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Oman: everyday Internet life in the police state

No Skype, no Islam criticism, no porn – those who do not pursue special interests surf the Omani Internet relatively undisturbed. Because instead of relying on rigorous censorship as in Iran, the Arab state is monitoring all Internet activities throughout the country.

“Search it all”, it shouts in the typical Google colours and fonts from the billboards in Oman’s capital Muscat. The state-owned Internet provider Omantel thus advertises “unlimited knowledge” via broadband connection and wants 20 rials (approx. 50 euros) per month for it. “Anyone who wants the Internet and has a computer can afford that,” says a taxi driver. According to Internet World Stats, 57 percent of the population is online – a share that can compete with those of other oil-rich states on the Arabian peninsula such as the United Arab Emirates (UAE) or Kuwait. Most of the country’s inhabitants no longer need to walk into the hidden Internet cafés with their dusty surf berths, rattling fans and rickety keyboards.

Even if Oman is not on the list of Internet enemies that the organization “Reporters Without Borders” publishes annually and presents itself as a kind of “Switzerland of the Arab World” – Internet censorship and surveillance are on the agenda in the country ruled by Sultan Qabus ibn Sa`id in an authoritarian manner (even if more subtly than elsewhere) – there can be no question of “search it all” here.

Skype ban as tip of the iceberg

As one of the more than one million tourists per year in Oman, you hardly need to worry about internet access. Numerous hotels and cafés are equipped with WLAN, and Omantel is already planning to set up an LTE network for the ever-increasing number of smartphone users in the country. When surfing superficially, you hardly notice the censorship – holiday greetings via e-mail, photos on Facebook, a tweet from the beach, no problem at all. You reach the first limit with Skype: “This site has been blocked due to content that is contrary to the societal and cultural norms of the sultanat”, says the website to which Skype.com redirects you. But the social and cultural reasons for the block are probably only half the truth: Skype is considered by activists all over the world to be a popular means of communication – because it is for the most part tap-proof.

Even completely different desires than VoIP telephony cannot be satisfied on the Omani Internet: instead of YouPorn, Pornhub or Tube8 you get a blockade note on your screen – with the hint that the websites violate cultural and social norms, but that you have the possibility to lodge a complaint against the blockade via e-mail. And when it comes to what has been done, Omani web censorship knows no quarter: Islam-critical websites like www.prophetofdoom.net or www.freemuslim.org are just as inaccessible as the homosexual communities www.gaywired.com and www.gayromeo.com. Moreover, according to the Open Net Initiative, blockades of anonymization services such as Proxify or Anonymizer have repeatedly taken place.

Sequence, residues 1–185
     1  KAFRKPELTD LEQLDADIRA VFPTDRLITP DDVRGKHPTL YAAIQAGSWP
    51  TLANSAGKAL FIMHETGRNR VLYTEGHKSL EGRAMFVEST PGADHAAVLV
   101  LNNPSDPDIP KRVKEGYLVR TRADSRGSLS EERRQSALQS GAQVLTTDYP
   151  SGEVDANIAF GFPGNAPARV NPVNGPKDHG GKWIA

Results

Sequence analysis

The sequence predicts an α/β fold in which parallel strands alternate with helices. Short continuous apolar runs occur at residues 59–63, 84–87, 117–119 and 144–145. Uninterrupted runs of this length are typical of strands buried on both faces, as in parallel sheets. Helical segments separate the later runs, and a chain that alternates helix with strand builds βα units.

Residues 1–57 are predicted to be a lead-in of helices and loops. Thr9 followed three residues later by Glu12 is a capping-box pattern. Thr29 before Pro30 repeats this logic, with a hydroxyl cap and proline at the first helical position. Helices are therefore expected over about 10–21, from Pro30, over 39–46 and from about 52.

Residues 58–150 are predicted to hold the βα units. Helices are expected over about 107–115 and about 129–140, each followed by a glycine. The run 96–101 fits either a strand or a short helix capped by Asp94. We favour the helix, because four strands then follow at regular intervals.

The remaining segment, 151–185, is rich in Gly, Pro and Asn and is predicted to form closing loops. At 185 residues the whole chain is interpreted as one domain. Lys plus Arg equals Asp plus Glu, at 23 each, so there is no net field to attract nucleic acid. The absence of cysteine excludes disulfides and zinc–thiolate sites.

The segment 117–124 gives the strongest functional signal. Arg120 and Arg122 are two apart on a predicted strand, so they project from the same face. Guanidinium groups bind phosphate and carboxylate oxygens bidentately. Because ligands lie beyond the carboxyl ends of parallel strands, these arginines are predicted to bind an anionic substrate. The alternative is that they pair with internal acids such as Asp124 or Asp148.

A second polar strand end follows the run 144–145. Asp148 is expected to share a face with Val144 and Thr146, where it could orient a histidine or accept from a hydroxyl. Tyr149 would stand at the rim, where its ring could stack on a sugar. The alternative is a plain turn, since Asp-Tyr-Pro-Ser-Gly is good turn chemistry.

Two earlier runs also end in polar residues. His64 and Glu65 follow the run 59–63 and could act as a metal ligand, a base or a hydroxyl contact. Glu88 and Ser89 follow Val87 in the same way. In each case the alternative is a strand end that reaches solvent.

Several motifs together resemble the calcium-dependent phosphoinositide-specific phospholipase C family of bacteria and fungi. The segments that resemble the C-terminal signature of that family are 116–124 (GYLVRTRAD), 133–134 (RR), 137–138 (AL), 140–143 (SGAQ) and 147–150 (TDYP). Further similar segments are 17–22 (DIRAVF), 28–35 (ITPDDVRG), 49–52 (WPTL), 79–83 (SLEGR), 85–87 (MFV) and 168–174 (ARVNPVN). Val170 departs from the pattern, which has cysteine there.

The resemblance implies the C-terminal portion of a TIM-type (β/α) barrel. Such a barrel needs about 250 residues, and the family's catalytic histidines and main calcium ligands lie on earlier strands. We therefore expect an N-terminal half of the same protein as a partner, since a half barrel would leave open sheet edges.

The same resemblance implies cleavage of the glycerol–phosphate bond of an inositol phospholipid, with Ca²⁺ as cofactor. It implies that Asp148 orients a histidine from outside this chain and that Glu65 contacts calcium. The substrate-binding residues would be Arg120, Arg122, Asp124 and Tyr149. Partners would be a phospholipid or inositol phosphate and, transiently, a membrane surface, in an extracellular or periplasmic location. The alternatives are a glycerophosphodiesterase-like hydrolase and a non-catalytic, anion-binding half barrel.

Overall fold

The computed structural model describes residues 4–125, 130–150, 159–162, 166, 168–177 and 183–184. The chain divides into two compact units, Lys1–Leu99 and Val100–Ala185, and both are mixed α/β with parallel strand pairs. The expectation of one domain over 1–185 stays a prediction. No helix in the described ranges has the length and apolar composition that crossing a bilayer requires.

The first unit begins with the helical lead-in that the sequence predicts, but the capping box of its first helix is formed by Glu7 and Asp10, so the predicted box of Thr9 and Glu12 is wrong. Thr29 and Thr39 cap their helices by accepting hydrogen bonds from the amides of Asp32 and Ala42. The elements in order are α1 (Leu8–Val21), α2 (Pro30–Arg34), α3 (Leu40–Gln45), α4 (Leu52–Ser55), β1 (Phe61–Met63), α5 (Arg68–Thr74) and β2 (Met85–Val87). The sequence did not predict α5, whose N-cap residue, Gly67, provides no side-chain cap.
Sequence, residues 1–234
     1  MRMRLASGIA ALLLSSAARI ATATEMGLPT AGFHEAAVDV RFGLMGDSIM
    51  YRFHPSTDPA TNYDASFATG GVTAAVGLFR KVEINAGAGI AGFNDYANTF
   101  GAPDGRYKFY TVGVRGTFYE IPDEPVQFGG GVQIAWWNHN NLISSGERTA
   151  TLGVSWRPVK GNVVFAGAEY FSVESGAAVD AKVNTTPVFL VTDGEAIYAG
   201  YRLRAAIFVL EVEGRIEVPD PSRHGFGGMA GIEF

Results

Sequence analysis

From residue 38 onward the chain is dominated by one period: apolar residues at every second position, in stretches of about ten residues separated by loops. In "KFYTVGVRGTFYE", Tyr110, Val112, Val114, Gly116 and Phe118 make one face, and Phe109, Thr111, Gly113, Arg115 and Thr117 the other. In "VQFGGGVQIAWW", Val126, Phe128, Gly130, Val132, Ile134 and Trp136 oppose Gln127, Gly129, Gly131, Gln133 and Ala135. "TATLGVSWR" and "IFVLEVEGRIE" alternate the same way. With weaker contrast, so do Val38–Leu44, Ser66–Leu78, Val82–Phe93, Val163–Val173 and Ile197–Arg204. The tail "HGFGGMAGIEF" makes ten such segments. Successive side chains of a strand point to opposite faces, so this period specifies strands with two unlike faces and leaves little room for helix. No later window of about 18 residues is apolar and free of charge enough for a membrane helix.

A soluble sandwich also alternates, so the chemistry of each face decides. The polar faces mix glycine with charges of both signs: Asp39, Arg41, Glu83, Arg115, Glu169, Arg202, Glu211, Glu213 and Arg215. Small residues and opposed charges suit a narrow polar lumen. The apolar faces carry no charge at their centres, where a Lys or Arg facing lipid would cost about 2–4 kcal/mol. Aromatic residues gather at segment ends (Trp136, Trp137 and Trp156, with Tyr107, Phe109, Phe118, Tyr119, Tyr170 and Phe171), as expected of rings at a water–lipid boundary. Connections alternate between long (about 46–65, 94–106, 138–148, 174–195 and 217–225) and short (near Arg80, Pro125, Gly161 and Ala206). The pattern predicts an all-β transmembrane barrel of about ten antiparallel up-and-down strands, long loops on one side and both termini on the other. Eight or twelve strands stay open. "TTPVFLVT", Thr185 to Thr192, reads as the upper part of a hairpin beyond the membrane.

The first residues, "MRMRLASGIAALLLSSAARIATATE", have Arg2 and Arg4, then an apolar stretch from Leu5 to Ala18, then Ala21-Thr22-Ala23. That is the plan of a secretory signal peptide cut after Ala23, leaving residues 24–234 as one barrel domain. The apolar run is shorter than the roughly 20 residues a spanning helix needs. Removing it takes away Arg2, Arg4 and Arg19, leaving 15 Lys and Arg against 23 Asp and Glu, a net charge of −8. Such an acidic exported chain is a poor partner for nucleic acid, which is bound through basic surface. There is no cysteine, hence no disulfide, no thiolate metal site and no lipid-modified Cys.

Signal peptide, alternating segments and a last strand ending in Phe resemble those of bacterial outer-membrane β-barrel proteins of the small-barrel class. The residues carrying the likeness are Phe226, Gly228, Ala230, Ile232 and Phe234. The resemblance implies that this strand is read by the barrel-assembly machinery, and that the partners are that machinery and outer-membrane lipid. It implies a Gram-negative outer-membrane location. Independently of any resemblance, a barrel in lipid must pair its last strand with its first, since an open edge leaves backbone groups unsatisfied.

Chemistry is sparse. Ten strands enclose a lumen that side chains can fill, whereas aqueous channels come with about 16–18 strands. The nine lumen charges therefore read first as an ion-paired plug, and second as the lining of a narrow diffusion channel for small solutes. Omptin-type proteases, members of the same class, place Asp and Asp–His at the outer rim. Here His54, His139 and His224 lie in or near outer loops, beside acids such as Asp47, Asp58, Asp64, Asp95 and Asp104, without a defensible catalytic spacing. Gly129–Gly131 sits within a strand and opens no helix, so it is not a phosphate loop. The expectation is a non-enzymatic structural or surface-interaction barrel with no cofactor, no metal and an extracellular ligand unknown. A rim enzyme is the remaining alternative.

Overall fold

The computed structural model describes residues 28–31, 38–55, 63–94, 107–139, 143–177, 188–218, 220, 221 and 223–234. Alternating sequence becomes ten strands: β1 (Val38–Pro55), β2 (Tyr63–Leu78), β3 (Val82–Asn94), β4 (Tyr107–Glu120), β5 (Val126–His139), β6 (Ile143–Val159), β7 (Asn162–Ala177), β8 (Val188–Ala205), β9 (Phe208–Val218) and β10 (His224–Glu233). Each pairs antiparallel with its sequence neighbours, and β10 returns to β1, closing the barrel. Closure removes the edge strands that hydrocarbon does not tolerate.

A minimized taboo topic

In Oman, people don’t talk about control and censorship on the Internet on tape. However, in the background discussion at the Muskater Information Ministry, the position of the Arab state, which regards itself as “very liberal” in comparison to other Arab states, is at least explained. “Anyone can use the Internet, but it’s not a free buffet,” said a high-ranking official. The filtering of certain contents would have above all educational and moral reasons, so that “the youth does not deviate from the right way”.

The comprehensive monitoring of Internet content is not denied either. “Yes, it is being monitored to prevent anyone from doing anything bad. Then follows a comparative reference to European conditions (keyword data retention) and the argument of improved crime prevention.

According to the US Department of State, all private communications (mobile phones, e-mail, chats) in Oman are monitored using Internet monitoring and blocking technologies from the West. According to the Open Net Initiative, “SmartFilter” from McAfee (owned by Intel since 2010) is used, the software offers filters for more than 35 million websites. According to the Wall Street Journal, other tools come from the US company Narus Inc. (owned by Boeing) and Bitek International Inc. as well as the German company Ipoque GmbH.

Wide use of monitoring technologies

“Oman is still a police state,” says a high-ranking European diplomat who does not want to be named. Since the Arab Spring at the latest – protests in Oman claimed two lives – the government has been on increased alert and has intensified surveillance on the Internet behind the scenes.

Acquisitions of new surveillance technologies, discovered by TAZ in December, complete the picture: Munich-based Gamma International GmbH and its Swiss partner Dreamlab Technologies AG have sold products from the FinFisher series to Oman. These products allow computers to be infected with spyware on a massive scale via fake updates of programs such as iTunes or Adobe Flash Player, thus enabling large population groups to be spyed on.

Whether in a hotel WLAN, in an Internet café or on a smartphone, anyone visiting or living in Oman must expect complete monitoring of their Internet activities. It is uncertain whether the broad mass of the hidden control is aware – however, certain basic rules of the state have probably internalized most of them – Internet back or forth: Criticism of the head of state and other central personalities is just as forbidden as all calls to civil disobedience and actions that endanger the security of the state.